• Two indirect tiedowns over the front and rear parts of the coil.
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    From The CDL Manual

    Securement Option #2:

    Same as Option #1, except the direct tiedowns are straight instead of diagonal.

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    What is aggregate working load limit?
    • The summation of 50% of the working load limits or restraining capacity of all devices used to secure an article on a vehicle.
    • The summation of the working load limits or restraining capacity of all devices used to secure an article on a vehicle.
    • The maximum load that may be applied to a component of a cargo securement system during normal service, usually assigned by the manufacturer of the component.
    • 50% of the maximum load that may be applied to a component of a cargo securement system during normal service, usually assigned by the manufacturer of the component.
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    From The CDL Manual

  • Aggregate Working Load Limit:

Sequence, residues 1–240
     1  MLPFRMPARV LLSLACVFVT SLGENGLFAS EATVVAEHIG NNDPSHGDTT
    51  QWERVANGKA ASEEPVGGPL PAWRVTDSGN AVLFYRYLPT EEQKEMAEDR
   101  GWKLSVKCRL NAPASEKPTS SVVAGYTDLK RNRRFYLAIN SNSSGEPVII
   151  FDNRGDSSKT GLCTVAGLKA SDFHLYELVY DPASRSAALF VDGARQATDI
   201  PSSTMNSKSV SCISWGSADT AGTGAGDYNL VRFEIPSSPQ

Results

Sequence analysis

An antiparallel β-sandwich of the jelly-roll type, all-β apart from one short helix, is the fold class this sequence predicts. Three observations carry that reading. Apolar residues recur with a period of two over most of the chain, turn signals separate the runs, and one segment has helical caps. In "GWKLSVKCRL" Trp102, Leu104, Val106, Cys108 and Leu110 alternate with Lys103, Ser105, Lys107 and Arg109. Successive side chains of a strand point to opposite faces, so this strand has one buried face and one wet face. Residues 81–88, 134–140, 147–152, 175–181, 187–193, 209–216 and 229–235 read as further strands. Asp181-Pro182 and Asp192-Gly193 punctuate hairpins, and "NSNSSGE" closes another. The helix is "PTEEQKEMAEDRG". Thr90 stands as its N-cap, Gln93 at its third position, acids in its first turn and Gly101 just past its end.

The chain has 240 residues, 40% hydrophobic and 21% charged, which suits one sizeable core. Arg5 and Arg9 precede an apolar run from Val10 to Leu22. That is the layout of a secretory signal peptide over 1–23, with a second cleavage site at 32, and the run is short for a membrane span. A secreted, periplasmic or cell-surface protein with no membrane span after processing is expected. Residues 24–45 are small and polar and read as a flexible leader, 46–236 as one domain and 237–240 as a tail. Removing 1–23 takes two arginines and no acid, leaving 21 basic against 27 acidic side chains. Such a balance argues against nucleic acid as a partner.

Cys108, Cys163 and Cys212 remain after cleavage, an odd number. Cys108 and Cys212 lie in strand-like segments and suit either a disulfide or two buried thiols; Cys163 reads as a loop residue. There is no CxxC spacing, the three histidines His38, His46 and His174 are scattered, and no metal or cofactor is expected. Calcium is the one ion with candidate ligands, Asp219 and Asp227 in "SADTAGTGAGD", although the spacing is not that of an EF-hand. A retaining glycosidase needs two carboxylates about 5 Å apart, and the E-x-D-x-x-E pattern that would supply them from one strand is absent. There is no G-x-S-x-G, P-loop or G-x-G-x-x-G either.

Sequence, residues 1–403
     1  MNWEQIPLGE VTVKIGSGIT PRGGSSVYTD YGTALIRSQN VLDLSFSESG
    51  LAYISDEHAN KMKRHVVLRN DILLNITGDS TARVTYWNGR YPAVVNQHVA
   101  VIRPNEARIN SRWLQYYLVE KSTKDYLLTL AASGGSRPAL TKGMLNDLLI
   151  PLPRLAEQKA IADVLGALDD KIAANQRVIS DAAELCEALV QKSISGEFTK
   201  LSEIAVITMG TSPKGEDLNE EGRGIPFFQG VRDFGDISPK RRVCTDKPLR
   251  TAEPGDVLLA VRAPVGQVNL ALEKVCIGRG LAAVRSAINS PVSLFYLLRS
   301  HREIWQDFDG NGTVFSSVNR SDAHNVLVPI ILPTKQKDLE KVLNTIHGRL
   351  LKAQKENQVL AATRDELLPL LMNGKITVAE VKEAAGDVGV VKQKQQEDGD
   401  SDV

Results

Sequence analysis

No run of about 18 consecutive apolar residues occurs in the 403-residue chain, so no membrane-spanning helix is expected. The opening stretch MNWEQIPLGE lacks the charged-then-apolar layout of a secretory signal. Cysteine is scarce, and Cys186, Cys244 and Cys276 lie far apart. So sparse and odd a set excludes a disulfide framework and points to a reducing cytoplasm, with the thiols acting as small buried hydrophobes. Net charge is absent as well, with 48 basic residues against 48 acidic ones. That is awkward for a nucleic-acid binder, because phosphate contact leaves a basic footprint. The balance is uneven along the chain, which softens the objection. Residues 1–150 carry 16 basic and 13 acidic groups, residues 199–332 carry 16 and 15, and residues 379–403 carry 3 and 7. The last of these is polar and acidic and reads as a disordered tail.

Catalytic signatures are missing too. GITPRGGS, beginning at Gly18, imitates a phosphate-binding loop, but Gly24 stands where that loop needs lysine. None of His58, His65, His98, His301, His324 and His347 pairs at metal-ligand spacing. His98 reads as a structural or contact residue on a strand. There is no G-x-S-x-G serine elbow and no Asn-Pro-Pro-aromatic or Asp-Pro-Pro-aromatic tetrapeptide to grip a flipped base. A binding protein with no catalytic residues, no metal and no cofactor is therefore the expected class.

The summation of the working load limits or restraining capacity of all devices used to secure an article on a vehicle.

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    A vertical barrier across the front of the deck of a vehicle to prevent forward movement of cargo is a:
    • Cab shield.
    • Rub rail.
    • Headboard.
    • Deck.
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    From The CDL Manual

  • Headboard:

    A vertical barrier across the front of the deck of a vehicle to prevent forward movement of cargo.

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    Blocking is used to:
    • Prevent forward movement of cargo.
    • Place against or around an article to prevent horizontal movement of the article.
    • Attach a tiedown to.
    • Provide greater friction between an article and the vehicle.
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    From The CDL Manual